Inflation is not a vampire. That is why there is no silver bullet to kill it. We have a well-functioning central bank, but raising interest rates is not enough to tame rising prices. Monetary policy is not enough because food and energy prices are rising all over the world. It comforts some that inflation is imported and global, but that doesn’t help much. Rather, it offers an idea of how complicated the solution will be, especially if we consider that not all inflation comes from outside. Mexico is a country where many markets do not work. We can talk about oligopolies and monopolies, but also about violence and price premiums related to payments to criminal groups.
The consumer price index registers an increase of 7.7% in the last twelve months. We have spent a year with inflation outside the target range of the Bank of Mexico, which is 3% plus minus one percent. It will not return to that range until 2024, recognizes the governor of Banxico, Victoria Rodríguez. The World Bank offers arguments that reinforce this view: high world energy and food prices will continue for two more years.
7.7% represents the highest inflation in Mexico in 21 years. Housewives are beginning to talk about prices in a way they haven’t since the last century. Many are wary of the official inflation number, in part because they face prices head-on when running errands. Tortillas have risen 20%. Vegetable oils experience a rise of more than 40%. Avocado has increased by more than 15%. Beef, 18%. Food inflation is around 13%, but consumer perception places it at 26.1%, according to the data science company dunnhumby, which produces Consumer Pulse.
Inflation is not a vampire but it scares us. Once it passes certain limits, it ceases to be an economic phenomenon and becomes a social problem. In a political matter. We have reached that point. AMLO is aware that it could cost him popularity and, eventually, complicate his ability to maneuver, to win elections, but also to govern. Inflation affects the most vulnerable groups, located at the lowest levels of income. In addition, it increases the vulnerability of the middle classes, who resent the impossibility of accessing some goods and services; those who were part of their normality and gave them status. That happens in Mexico and in the world. The inflationary shock occurs at a time when the economic recovery from the crisis caused by covid had not been completed. It’s two hits in one. There is an exceptionally high risk of social unrest in Latin America, warns the IMF.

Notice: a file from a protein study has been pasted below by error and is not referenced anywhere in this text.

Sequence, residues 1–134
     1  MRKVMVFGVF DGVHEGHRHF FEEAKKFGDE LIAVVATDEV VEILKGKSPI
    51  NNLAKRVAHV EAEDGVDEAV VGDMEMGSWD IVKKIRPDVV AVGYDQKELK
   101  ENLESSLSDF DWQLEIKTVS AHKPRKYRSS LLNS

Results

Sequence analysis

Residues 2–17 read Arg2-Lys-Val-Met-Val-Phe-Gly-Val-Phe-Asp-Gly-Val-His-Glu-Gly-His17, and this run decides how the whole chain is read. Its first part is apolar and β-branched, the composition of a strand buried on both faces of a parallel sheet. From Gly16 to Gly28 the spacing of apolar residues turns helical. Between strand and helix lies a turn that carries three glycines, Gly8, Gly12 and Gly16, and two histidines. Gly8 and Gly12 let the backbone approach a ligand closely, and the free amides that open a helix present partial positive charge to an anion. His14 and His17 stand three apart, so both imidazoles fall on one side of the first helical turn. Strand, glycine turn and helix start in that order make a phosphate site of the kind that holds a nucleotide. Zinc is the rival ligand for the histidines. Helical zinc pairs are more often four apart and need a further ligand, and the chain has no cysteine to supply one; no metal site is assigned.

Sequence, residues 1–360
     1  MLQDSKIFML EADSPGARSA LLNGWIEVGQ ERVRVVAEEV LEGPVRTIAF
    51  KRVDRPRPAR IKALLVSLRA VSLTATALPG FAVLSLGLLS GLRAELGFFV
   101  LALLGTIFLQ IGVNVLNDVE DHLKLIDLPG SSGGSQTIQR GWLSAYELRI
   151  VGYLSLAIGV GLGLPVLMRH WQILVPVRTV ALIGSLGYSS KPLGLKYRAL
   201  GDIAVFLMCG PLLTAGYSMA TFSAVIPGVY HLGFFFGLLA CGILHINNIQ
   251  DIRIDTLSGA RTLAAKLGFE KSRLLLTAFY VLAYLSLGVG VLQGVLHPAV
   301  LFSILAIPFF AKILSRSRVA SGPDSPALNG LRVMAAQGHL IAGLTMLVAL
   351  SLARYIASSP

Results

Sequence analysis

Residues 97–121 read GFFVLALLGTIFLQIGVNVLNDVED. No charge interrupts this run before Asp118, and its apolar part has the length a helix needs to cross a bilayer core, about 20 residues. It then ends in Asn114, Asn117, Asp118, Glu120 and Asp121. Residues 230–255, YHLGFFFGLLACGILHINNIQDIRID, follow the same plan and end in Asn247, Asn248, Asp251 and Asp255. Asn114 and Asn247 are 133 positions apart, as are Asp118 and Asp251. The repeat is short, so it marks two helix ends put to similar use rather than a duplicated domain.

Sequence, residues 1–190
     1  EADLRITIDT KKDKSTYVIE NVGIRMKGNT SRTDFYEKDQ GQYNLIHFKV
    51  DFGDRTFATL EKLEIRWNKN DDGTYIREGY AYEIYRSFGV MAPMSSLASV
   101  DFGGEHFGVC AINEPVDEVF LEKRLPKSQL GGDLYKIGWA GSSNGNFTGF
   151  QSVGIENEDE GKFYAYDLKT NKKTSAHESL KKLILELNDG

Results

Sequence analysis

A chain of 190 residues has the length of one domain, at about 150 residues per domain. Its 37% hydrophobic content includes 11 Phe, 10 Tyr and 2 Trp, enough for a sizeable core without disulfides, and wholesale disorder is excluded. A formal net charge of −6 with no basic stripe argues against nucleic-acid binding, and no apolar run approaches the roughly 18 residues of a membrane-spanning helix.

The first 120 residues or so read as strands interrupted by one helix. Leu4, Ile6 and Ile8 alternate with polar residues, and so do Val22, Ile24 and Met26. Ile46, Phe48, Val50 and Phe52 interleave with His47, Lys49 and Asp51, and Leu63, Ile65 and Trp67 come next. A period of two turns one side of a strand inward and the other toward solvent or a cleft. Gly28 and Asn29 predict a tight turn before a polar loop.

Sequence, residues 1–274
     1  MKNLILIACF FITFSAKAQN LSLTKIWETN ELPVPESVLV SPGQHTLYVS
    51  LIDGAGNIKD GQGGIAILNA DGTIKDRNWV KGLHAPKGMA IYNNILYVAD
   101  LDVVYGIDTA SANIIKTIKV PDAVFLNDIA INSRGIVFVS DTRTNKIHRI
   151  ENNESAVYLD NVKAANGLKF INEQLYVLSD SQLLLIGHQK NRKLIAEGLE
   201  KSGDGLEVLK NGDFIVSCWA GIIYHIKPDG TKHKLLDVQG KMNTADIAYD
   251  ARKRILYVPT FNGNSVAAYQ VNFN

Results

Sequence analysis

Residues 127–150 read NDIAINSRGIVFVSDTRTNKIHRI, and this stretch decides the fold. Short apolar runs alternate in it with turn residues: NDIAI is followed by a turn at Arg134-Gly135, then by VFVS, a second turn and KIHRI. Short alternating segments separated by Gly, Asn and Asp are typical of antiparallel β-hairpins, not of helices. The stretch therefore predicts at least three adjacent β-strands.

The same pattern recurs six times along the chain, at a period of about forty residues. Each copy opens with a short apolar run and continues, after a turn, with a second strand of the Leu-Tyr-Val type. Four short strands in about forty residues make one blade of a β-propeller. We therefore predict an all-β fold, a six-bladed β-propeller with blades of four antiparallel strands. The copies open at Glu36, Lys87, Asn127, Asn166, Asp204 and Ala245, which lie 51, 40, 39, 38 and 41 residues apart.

The president and his cabinet have been negotiating for days with some of the main businessmen and leaders of business organizations an agreement to contain the rise in prices. At any moment they will announce something that we hope will be more significant than the investment agreements. It has emerged that the government’s objective is to stop price increases in 25 basic consumer products. The leaks are poor in the most relevant details: is there a price control scheme or is it a negotiation/government requirement for businessmen to moderate their profits? What will happen to wages? Would CFE and Pemex participate in the pact? How will the impact be resolved for the producers of key inputs that have skyrocketed in international markets, such as corn, wheat, oils…fertilizers?
Inflation is not a hallucinogen, but it can alter the perception of reality and cause remedies that are as harmful as the disease. There are those who think that it can be successfully combated through general price controls. They forget the problems that this type of “solution” produced in Mexico in the seventies: black markets and famine. Inflation is not a vampire.
General Editorial Director of El EconomistaSafe
Degree in Economics from the University of Guadalajara. He studied the Master of Journalism in El País, at the Autonomous University of Madrid in 1994, and a specialization in economic journalism at Columbia University in New York. He has been a reporter, business editor and editorial director of the Guadalajara newspaper PÚBLICO, and has worked for the newspapers Siglo 21 and Milenio.
He has specialized in economic journalism and investigative journalism, and has carried out professional stays at Cinco Días in Madrid and San Antonio Express News, in San Antonio, Texas.
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